Bettina Von Zwehl – Primal Scene Photography

Bettina Von Zwehl is known as a clinician. Her subjects wear the same clothes, adopt the same poses, and face the same laboratory conditions under harsh light against white backgrounds. They all obediently carry out the tasks that Von Zwehl sets them: to fall asleep, to sit in darkness and silence, to hold their breath, to exercise. At a certain moment, the shutter clicks and the experiment is complete.


This is at least the usual way that Von Zwehl’s work is described. She sets up meticulously choreographed scenarios, inserts her subjects, then documents their reaction to their tasks and habitat. The style seems scientific and clinical, the images clean and crisp. Yet appearances can be misleading. As we look closer, we see something quite different.


Scientific study might seem like Von Zwehl’s objective with these series of photographs, when it is perhaps less method than medium. In her earlier work, she had turned to microscopes, after a ‘crisis’ when she had become, as she says, “fed up with images”. Using a light microscope at the Institute of Hygiene and Tropical Medicine, she scrutinised viruses, and then began to photograph her own body residues, like spit, blood and skin. The resulting images would be projected onto windows in installations that aimed to question the relations of surface to sinew, fluid and flesh.


The series which followed also began with the artist’s body, yet this time as an absence. She would be the first subject of her experiments, although she has never shown the images produced. Instead, after this creation of a space, we see her subjects, posed in apparent uniformity. There is no jewellery or distinctive clothing to mark out and separate, no paraphernalia of any kind. Everyone, in a sense, is the same, as if to encourage us to observe some distinctive trait. Yet what is it we should be observing?


Science so often tells us what to observe. We are taught to notice and recognise certain features and characteristics, while ignoring others. The neutral language of observation is vaunted as the basis of research. Yet pure observation never exists, only an observation that is shaped and crafted by discourse. We have to learn what is observable in the most basic sense. And here Von Zwehl questions rather than pursues a clinical approach. We see a series of subjects arranged in experimental, seemingly uniform conditions, but we are not told what it is we should be observing. We know what the laboratory set-up is, yet not what is being investigated. Until we realise, perhaps, that the subject includes our very practice of observing.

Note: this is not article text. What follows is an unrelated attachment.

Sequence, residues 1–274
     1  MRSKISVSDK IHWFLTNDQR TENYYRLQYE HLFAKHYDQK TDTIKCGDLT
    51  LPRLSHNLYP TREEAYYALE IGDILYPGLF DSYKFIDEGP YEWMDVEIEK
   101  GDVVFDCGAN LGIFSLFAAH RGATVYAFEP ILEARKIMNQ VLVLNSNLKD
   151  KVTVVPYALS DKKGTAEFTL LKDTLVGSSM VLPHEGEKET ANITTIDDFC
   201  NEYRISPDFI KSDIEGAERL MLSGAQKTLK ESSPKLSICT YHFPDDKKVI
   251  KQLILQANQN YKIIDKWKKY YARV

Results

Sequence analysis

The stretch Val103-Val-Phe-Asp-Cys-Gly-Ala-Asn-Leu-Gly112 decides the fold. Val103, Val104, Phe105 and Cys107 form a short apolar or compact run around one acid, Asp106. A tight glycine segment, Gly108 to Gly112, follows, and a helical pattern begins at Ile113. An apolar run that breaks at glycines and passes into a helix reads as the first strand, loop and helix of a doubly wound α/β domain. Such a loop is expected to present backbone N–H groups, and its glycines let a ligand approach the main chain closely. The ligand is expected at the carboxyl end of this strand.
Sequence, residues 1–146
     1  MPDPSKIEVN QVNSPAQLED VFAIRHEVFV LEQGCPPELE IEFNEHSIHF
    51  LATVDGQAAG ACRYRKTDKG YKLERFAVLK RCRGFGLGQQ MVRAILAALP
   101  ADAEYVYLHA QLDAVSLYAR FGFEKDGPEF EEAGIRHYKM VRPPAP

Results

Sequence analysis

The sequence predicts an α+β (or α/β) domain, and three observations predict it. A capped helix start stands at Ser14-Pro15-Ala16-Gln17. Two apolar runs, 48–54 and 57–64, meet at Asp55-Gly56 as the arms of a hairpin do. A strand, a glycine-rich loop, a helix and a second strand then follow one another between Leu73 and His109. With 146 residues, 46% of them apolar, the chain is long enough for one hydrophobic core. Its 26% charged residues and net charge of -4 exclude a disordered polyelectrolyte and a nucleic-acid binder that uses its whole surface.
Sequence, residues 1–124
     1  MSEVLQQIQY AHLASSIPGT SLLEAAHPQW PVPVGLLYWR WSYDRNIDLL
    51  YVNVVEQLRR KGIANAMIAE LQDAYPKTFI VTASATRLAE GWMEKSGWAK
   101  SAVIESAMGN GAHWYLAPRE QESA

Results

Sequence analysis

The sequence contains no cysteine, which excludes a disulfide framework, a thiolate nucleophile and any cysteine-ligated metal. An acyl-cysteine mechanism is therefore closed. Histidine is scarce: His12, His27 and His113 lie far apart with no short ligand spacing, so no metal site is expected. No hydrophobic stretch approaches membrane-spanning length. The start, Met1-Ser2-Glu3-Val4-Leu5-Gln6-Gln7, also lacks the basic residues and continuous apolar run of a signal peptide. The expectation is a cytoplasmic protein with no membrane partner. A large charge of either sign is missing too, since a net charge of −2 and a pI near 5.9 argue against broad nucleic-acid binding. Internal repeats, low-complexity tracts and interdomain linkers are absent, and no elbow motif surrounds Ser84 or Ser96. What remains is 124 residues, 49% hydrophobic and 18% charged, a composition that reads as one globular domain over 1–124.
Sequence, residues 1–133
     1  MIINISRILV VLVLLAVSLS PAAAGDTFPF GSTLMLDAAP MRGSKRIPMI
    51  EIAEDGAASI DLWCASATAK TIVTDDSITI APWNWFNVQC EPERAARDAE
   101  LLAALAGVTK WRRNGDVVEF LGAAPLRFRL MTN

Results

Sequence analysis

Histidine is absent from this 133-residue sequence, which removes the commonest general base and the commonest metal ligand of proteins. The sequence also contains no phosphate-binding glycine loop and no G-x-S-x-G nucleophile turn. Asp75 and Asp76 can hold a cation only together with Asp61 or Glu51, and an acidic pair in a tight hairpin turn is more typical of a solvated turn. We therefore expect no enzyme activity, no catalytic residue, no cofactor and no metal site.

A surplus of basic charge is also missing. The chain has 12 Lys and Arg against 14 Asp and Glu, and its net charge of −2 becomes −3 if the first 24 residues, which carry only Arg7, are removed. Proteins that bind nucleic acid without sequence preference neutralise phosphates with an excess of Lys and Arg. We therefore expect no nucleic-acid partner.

As we scrutinise these pictures, we start to see differences. We become aware of variations in tone, in colour, in lighting, in muscular excitation, in shape, in expression. We create, as it were, our own portraits, and in this process the photographs invite us to consider what it means to observe, what we ourselves bring to the picture. Minute details start to emerge in what Von Zwehl calls “an art of comparison”. The emphasis on repetition only brings out what is different, not only in her subjects but in the viewer’s gaze itself.


Von Zwehl’s image series are portraits of transformation. From sleep to waking, from silence to sound, from relaxation to breathlessness, from dryness to being soaked. As moments of in-betweenness, they introduce a real intimacy. Her subjects, she says, were “vulnerable and exposed, not quite conscious. They’re on the edge of being presentable”. She aims here at “something very private”, not just in her subjects but in the viewer who is required to engage with what is most intimate in their own act of observation.